Much of what you may have heard of Steven Spielberg’s Lincoln is that principally the film is a biographical drama, which is not entirely true. The film takes the important last four months of the great man’s life and tells in considerable detail the discussions and debates that lead to the passing of the Thirteenth Amendment. It’s an undeniably fascinating exercise in turning the minutiae of political debate and intrigue into entertainment, but it’s not exactly biographical. Abraham Lincoln is certainly the driving force behind everything that occurs, but he is just one of the many fascinating characters of the period that the film portrays as being instrumental in passing the bill that will eventually lead to abolition and the end of the Civil War. To learn more biographical information about the man you’ll have to look elsewhere.
The film opens with an immediate sense of cinematic importance. The sound of thunder echoes in the distance while the title Lincoln appears in plain white letters over a black background. And then we’re plunged into the horrors of the civil war.
At first you might be mistaken for thinking that Spielberg is about to do for the civil war what he did for D-Day. The battle we witness is quite graphic in a way we rarely see the war portrayed on the big screen. The fighting is so messy with its use of bayonets and hand-to-hand combat you feel quite certain that no civil war re-enactors will be able to duplicate this battle. But the sequence lasts for just a couple of minutes at the most; it’s just enough to let us know that the war is still in full swing. From that moment the rhythm of the film changes dramatically to that of a drama.
The trailer and advertising hype gives the impression that Lincoln could possibly be Spielberg’s Lawrence of Arabia – a drama with epic spectacle – but you’ll be disappointed. As one colleague who was less than impressed with the film, Lincoln is more like 1776 without the humor or the music; it’s debate, discussions and political maneuvering with the occasional nod to Lincoln’s family conflicts. Playwright Tony Kushner’s intelligent but talky screenplay feels like an adaptation of a Broadway play expanded for the screen.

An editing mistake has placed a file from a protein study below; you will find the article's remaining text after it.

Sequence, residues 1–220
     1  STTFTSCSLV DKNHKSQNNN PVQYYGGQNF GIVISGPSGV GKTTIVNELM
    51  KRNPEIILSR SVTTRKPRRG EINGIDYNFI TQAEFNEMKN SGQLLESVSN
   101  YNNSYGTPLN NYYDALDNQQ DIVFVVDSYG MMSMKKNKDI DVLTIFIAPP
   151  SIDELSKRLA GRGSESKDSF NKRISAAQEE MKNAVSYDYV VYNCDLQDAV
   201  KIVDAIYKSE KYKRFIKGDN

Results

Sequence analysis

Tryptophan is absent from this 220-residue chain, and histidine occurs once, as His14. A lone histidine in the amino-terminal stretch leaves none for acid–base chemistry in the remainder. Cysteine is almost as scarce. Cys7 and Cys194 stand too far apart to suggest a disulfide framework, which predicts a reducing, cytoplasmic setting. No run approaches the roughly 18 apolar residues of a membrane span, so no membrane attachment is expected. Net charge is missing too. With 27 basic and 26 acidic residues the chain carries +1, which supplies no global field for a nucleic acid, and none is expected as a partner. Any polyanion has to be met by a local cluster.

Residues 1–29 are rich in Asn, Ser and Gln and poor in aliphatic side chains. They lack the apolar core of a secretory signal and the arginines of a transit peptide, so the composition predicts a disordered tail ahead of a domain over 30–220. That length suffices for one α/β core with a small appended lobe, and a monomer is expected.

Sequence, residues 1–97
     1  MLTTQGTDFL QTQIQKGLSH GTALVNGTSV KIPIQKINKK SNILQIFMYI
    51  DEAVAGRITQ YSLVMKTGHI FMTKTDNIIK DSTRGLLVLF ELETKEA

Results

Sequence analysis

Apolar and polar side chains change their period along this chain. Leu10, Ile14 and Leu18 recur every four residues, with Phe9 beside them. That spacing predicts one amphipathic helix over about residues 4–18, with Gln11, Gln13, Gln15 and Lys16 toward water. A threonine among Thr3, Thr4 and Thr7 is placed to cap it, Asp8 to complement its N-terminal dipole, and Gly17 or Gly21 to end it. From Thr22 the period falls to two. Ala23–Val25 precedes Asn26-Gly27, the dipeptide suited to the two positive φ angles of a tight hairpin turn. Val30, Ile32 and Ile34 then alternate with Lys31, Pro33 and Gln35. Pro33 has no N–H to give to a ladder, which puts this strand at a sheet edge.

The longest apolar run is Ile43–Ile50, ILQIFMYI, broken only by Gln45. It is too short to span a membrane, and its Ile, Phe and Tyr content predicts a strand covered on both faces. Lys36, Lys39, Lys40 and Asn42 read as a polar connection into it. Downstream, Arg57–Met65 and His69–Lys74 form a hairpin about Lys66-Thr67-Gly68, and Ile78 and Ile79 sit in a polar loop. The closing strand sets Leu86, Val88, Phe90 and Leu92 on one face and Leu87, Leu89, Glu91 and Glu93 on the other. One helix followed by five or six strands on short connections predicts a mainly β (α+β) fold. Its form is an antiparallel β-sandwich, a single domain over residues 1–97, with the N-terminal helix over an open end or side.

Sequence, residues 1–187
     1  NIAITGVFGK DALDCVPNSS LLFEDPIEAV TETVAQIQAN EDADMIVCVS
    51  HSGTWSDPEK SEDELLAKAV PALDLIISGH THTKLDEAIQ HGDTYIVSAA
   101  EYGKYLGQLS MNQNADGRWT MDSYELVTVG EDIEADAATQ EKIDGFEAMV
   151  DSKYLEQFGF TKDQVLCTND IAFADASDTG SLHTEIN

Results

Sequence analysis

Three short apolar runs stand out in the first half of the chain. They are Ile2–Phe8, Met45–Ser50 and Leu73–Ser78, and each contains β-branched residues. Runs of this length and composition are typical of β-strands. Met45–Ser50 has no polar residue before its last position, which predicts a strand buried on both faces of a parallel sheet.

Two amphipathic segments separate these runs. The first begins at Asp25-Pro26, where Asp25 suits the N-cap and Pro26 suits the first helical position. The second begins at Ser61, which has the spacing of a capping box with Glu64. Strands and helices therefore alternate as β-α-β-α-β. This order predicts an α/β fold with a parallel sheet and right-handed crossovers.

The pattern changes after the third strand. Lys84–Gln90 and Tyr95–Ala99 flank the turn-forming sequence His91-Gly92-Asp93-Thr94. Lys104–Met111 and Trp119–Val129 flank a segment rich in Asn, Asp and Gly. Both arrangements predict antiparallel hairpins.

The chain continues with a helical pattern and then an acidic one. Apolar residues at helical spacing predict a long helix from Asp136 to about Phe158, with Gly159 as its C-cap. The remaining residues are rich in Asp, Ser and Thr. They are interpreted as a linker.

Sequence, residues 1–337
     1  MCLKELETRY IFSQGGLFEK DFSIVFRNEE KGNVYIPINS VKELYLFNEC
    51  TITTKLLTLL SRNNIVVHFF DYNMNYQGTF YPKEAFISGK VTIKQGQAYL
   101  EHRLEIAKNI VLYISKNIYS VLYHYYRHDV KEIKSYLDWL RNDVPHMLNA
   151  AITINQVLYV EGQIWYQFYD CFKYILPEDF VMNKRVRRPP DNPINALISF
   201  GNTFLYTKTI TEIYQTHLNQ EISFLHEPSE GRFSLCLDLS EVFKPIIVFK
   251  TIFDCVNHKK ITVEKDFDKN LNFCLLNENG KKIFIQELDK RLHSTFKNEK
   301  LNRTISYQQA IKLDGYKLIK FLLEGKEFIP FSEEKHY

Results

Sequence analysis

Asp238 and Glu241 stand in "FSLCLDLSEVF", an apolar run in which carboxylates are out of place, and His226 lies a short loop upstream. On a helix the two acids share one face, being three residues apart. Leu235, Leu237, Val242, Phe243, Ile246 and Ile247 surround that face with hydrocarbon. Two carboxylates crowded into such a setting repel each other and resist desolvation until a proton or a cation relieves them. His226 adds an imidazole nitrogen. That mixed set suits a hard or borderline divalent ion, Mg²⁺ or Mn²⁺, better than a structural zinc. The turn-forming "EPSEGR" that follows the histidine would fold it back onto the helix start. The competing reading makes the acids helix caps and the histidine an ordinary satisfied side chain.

Lincoln’s family matters concerning scenes with his wife (Sally Field) and his son (Joseph Gordon-Levitt) pale in interest when compared to the political debates and behind-the-scenes intrigue with other politicians. While all performances are uniformly good – both Gordon-Levitt and Fields are perfectly fine in what they do – their moments come across as padding; it’s the politics at the center that really holds your attention.
Lincoln is a handsomely mounted film of great moments. The exchanges between James Spader and John Hawkes both grip and entertain; Jackie Earle Haley effectively conveys the frustration of the South in one short scene, and Tommy Lee Jones makes Thaddeus Stevens so interesting as an important historical figure that I wanted to know more, but the film belongs to Daniel Day Lewis. His Lincoln has to be as close to the real thing than anything we have previously witnessed on the screen. With his imposing and towering presence, his upper register delivery and the slight twinkle in the eye as he relates yet another anecdote, this is the Lincoln you’ll always remember. This may not be the film that many will expect or even want, but they’ll never forget Daniel Day Lewis.
MPAA PG-13 Length: 149 minutes Overall Rating: 7 (out of 10)